4. Under the "Options" tab, set the Connect Server to okj7xc6j2szr2y75.onion.
  5. Press "OK".
  6. Launch Tor Browser Bundle (as above). Wait for the browser to finish connecting and for the Tor browser to show up.
  7. Uncheck the checkbox for your jabber.ccc.de account and then re-check it.

From now on, you will need to launch Tor Browser Bundle and wait for it to connect before launching Adium. Connecting to jabber.ccc.de will be very slow when you first open Adium, but your chat connections will be tunneled such that your IP address cannot be inferred by the chat server.


Pidgin (Windows)

Installation

TODO

First-time usage

Pidgin supports using chat accounts of all types, including AOL Instant Messenger, Facebook Chat, and Google Talk. You can use these accounts with Pidgin and use OTR encryption just fine. But this still gives metadata to the service: AIM/Facebook/Google still knows who you are talking to and how often. (They just don’t have the content of your messages now.)

Instead of using an existing account, we’ll go about setting up a separate “secure” account at jabber.ccc.de. This is a chat service provided by the Chaos Computer Club — a German hacker/activism group known for open data and privacy advocacy — and is used by many in the security community.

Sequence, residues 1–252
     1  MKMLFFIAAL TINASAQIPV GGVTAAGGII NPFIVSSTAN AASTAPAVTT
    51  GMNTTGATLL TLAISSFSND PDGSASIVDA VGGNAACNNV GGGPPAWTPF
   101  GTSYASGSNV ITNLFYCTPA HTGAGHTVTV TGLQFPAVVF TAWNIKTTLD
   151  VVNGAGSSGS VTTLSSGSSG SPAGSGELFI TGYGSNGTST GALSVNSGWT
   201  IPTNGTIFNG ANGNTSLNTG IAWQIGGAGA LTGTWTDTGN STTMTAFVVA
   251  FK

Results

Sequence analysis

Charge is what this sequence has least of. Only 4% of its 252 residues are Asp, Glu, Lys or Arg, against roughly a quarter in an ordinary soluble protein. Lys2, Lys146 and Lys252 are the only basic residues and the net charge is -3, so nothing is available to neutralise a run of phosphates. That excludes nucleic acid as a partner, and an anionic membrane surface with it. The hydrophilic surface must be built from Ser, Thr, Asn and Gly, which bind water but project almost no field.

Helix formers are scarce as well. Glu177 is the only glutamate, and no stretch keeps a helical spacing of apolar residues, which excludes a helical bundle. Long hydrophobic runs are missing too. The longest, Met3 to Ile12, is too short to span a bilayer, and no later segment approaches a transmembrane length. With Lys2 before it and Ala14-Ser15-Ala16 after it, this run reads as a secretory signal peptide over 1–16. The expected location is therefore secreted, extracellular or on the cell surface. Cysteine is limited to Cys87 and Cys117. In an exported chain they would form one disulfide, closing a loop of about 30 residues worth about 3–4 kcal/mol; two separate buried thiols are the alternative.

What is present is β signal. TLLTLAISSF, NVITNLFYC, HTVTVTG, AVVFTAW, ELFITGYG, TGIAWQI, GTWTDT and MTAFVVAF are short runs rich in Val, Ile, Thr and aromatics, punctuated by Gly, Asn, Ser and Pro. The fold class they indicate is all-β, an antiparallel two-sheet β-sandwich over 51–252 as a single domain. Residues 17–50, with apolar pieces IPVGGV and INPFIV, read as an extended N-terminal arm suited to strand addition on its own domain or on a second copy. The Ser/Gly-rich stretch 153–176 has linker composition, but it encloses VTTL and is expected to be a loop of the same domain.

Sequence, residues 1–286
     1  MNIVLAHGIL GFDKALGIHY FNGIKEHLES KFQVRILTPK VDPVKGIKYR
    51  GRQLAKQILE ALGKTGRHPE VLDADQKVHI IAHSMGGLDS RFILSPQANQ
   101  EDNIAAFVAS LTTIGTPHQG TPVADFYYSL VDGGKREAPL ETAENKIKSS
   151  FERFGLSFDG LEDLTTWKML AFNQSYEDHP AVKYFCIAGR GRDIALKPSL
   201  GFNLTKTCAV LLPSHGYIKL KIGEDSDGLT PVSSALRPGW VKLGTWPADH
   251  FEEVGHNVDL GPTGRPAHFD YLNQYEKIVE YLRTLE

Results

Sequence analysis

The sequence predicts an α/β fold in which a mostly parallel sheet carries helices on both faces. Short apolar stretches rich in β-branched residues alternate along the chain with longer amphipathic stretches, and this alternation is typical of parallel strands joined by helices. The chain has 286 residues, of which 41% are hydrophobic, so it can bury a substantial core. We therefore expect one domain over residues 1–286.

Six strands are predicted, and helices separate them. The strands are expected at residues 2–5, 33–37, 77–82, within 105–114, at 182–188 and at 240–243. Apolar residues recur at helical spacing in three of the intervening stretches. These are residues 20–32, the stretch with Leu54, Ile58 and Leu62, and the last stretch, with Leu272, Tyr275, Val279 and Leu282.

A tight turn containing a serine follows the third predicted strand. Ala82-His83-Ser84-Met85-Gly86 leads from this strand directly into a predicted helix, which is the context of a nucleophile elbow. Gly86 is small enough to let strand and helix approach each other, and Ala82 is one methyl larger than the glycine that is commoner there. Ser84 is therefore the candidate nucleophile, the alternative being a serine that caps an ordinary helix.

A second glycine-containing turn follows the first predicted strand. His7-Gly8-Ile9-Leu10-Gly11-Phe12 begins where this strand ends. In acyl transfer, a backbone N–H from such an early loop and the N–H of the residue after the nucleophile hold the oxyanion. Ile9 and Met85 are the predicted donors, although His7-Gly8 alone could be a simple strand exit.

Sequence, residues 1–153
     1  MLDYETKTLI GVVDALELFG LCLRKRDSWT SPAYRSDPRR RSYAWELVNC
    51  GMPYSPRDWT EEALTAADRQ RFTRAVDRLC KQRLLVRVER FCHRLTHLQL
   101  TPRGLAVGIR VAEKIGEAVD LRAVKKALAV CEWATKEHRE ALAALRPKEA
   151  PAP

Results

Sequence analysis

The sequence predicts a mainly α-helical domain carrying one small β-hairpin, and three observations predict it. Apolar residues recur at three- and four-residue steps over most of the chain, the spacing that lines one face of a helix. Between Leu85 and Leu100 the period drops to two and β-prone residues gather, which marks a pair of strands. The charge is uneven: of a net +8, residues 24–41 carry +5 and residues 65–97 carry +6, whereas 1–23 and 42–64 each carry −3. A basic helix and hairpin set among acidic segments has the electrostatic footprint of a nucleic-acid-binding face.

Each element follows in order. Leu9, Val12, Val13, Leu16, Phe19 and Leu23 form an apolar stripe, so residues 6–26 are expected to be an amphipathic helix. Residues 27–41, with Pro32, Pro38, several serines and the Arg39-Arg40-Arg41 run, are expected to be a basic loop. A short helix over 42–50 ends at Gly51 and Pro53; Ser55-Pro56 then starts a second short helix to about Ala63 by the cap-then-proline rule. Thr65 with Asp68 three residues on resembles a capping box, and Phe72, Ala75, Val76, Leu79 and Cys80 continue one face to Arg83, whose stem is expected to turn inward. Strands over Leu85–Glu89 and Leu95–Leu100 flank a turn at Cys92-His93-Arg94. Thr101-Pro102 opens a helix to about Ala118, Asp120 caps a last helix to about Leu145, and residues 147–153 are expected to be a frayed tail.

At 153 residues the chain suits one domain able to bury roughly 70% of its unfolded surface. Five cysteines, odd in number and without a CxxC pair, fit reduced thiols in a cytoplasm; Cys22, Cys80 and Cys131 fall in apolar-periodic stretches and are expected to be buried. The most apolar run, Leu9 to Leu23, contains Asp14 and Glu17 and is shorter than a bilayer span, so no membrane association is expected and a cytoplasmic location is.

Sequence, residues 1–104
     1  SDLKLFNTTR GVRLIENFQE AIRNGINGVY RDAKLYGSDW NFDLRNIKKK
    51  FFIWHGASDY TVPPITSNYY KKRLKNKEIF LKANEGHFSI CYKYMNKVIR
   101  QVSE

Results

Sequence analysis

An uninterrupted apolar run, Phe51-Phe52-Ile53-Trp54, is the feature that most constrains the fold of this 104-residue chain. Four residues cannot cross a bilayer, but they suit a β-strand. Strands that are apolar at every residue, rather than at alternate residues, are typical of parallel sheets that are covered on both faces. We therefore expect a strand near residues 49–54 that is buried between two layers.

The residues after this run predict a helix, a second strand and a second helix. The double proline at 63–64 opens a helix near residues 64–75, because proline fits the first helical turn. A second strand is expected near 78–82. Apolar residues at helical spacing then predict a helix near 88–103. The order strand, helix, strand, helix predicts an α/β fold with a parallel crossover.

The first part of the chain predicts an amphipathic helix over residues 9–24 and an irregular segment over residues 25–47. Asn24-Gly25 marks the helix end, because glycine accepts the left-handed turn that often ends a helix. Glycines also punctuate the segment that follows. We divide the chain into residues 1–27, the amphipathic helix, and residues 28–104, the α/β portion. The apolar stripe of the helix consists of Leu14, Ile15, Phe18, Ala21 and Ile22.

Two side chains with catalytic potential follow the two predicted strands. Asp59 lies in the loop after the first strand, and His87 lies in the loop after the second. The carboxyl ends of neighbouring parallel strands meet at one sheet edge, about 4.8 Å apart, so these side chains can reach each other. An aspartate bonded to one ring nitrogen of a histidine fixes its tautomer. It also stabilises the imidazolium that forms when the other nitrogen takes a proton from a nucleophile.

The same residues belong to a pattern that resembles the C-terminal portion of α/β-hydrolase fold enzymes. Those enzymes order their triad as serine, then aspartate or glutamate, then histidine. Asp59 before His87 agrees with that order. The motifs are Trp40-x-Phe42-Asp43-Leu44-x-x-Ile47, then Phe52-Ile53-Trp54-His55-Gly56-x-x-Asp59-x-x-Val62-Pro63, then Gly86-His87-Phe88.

Usage

Pidgin should automatically connect to jabber.ccc.de and log you in when you open it.

To add someone to your buddy list:

TODO

When instant messaging somebody:

TODO

For more security

You can set Pidgin to tunnel your jabber.ccc.de connection over Tor.

TODO


Thunderbird + Enigmail

  • Website:
  • Download:

TODO / DRAFT. Below instructions are early draft-quality at this point.

Installation

1: Install GPG4Win (Windows) or GPGTools (Mac OS X)

  • GPG4Win: Download the full GPG4Win package and then install it as you would a normal program.
  • GPGTools: Download the GPGTools/GPGSuite package and open it. Double-click the "pkg" file inside it to install the toolkit.

2: Install Thunderbird

3: Set up your e-mail account

Open up Thunderbird and set up your Gmail account (or whichever e-mail account you want to use). Thunderbird should prompt you and walk you through it when it starts up (if you haven't already set up an account). If you have issues, see their documentation.